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PLS.com v. NAR: Inventory Decentralization on the Horizon?
The National Association of Realtors (NAR) is currently facing multiple lawsuits, but one, in particular, has the potential to change the real estate industry as we know it.
PLS.com is a platform developed that allows real estate agents to list properties they may not want on the MLS. Most recently, it successfully filed an appeal reversing the district court's dismissal of an antitrust lawsuit it had brought against NAR on April 26th, 2022.
You may be thinking to yourself, "Why would an agent not want to put their listing on the MLS?" Good question! Some agents claim that listing "off-MLS" will allow them to:
- Test the market before putting the listing live on the MLS
- Continue to solicit buyers while the home is being prepped and staged for public sale
- Protect the privacy of public figures/celebrity clients or other luxury home sellers
PLS.com argues that NAR's Clear Cooperation Policy, mandating that all REALTOR®-listed properties be posted to the MLS within one business day of marketing to the public, violates antitrust regulations. The Clear Cooperation Policy was instituted by the NAR just two years after PLS.com launched.
With Clear Cooperation in place, PLS.com feels their business model as a private listing platform was undermined by NAR's policy because even if an agent chose to list on PLS.com, they are still required to place that property on their local MLS as well.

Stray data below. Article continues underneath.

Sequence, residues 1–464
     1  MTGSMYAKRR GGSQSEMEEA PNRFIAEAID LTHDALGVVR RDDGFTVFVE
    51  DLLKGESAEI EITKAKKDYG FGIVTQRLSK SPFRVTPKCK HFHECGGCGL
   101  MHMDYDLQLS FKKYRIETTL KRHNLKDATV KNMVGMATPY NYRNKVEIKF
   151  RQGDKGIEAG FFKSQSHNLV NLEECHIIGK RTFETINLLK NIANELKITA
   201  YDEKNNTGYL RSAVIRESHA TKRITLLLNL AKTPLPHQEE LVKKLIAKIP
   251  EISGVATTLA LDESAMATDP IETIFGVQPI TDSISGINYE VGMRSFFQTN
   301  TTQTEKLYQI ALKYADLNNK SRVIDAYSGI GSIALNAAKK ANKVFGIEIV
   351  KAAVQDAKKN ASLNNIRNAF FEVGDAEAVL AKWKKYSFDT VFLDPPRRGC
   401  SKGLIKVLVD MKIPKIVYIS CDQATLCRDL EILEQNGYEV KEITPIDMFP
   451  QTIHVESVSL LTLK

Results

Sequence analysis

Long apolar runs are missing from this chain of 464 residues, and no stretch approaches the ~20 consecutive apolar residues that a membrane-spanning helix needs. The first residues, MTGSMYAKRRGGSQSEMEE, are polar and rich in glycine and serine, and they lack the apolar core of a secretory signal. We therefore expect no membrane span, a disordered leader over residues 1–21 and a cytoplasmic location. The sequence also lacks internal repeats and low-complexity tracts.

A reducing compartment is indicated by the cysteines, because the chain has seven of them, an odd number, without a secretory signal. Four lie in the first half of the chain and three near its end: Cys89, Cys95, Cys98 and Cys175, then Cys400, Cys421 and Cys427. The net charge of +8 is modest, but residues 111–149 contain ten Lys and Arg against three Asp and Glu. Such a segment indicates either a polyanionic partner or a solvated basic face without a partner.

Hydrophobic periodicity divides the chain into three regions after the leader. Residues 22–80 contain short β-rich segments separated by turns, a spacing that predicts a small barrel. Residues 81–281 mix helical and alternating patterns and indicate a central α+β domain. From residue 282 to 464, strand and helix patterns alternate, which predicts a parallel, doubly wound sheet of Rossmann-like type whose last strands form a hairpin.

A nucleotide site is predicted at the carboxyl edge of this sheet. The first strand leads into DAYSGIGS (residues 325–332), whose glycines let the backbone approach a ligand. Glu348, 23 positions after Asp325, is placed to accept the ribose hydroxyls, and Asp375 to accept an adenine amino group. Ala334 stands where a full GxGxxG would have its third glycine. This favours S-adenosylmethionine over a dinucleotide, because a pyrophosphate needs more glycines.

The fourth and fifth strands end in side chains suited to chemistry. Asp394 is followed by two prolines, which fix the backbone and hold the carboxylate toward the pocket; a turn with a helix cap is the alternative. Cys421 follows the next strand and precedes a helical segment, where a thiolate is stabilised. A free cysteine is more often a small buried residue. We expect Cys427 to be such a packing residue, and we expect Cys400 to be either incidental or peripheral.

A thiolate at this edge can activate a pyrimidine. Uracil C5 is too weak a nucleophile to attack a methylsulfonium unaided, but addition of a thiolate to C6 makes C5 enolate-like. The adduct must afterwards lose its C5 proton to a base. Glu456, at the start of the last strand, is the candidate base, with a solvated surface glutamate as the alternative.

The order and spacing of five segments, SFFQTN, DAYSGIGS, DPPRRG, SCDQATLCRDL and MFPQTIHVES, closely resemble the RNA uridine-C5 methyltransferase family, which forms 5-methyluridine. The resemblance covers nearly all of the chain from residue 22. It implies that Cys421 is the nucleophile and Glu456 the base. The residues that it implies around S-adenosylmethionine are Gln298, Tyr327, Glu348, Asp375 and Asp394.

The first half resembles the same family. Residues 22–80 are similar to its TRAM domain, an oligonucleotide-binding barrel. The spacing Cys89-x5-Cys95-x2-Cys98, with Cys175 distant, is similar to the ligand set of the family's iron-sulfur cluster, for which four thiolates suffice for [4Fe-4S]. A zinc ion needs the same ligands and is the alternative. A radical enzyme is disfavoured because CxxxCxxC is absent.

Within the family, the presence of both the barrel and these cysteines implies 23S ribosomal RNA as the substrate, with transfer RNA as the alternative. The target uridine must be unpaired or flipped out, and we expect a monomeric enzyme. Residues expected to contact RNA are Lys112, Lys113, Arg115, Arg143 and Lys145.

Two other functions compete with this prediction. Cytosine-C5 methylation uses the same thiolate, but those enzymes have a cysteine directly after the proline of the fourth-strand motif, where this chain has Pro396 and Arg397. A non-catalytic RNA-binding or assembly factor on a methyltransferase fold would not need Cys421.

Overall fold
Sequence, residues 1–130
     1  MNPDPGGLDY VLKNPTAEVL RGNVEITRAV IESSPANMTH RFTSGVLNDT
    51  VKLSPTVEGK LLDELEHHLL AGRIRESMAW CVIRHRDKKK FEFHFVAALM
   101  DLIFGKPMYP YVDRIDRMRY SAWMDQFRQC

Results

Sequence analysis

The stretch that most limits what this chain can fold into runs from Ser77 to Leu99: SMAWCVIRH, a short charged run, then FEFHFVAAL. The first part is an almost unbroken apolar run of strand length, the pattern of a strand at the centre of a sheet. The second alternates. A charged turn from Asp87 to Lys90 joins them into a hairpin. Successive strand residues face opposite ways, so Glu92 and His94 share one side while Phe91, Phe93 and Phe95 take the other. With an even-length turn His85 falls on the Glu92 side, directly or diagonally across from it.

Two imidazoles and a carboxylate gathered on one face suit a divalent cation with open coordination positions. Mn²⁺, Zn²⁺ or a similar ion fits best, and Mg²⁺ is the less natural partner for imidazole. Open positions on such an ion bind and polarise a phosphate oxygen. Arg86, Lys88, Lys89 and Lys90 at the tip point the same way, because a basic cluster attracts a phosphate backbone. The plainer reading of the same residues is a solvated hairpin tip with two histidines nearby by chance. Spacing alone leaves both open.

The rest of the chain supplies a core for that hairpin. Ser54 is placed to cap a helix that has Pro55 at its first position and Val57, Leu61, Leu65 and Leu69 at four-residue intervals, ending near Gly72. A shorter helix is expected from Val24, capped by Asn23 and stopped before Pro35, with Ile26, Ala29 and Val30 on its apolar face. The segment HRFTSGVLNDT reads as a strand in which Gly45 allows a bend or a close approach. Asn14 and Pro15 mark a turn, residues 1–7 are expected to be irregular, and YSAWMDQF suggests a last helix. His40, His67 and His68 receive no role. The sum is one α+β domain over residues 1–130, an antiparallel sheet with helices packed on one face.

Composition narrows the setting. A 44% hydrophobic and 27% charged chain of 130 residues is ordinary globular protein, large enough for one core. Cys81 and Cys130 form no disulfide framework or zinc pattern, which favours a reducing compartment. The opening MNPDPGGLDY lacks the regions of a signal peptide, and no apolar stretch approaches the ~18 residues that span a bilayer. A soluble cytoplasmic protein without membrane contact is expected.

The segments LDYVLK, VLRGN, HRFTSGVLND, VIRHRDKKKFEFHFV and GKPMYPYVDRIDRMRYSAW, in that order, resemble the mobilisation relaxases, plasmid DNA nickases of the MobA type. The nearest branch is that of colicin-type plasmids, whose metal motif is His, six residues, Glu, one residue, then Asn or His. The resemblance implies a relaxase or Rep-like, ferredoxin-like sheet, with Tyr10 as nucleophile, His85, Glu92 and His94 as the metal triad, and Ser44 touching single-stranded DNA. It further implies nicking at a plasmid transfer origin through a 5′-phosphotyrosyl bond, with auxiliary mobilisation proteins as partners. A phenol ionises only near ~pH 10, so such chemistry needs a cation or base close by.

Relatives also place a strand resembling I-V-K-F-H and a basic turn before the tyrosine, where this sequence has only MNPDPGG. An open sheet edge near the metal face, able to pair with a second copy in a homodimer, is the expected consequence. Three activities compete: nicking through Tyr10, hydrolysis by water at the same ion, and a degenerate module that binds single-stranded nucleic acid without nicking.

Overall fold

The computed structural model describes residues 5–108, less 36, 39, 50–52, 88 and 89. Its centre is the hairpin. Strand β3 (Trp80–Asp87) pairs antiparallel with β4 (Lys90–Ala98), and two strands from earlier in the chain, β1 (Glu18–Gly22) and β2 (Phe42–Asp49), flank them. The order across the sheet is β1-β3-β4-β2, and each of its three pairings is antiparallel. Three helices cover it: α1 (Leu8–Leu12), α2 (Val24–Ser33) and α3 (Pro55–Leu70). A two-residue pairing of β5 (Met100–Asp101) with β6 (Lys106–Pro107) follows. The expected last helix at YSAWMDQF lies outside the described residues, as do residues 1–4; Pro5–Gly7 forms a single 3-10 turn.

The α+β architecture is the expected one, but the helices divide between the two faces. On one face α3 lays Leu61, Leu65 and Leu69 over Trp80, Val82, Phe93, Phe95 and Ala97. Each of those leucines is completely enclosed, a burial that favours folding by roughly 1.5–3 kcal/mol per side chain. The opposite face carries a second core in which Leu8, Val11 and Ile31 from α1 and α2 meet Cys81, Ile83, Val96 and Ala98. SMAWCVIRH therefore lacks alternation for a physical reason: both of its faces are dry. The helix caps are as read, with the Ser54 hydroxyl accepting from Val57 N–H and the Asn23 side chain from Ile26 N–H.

But don't be quick to write off Clear Cooperation and its benefits. The policy:
- Minimizes opportunities for housing discrimination
- Ensures listings reach a broad audience
- Provides a level playing field for agents & their clients; equal access to information
- Agents get more accurate comps in a particular area, allowing them to determine a competitive listing price
- Appraisers can do their job better with access to most sold comps in a single place
Furthermore, NAR argues the Clear Cooperation Policy does not go against antitrust regulations because it doesn't restrict access to other platforms. Meaning: brokers are not prevented from posting their listings to private platforms in addition to their MLS.
Some MLSs have halted making any new decisions regarding Coming Soon/Private Listings until the suit is over. If Clear Cooperation stays, then we could see an increase in MLSs adopting Coming Soon/Private Listing statuses to support agents in their obligation to post all listings in the MLS, even if they're not ready to go live on the market yet.
In the event that Clear Cooperation ends, the industry will likely start to see a fragmentation of listing inventory across multiple platforms. This means buyer's agents will have to search more than one site to ensure their clients are viewing all available properties.
No matter the outcome, Zenlist is prepared for either scenario. We have become the industry expert in navigating the web of already-fragmented listing inventory, and we believe the agent and consumer are best served with a comprehensive, streamlined home search experience. We have an established history of working with a variety of Coming Soon/Private Listing rules and regulations, not to mention strong relationships across many MLSs. However the market moves, we'll be prepared to listen and adapt to whatever is most valuable for agents and their clients.
As we all know, the legal system runs on its own time. So until a ruling is made, the industry waits with bated breath to see what the future of real estate holds.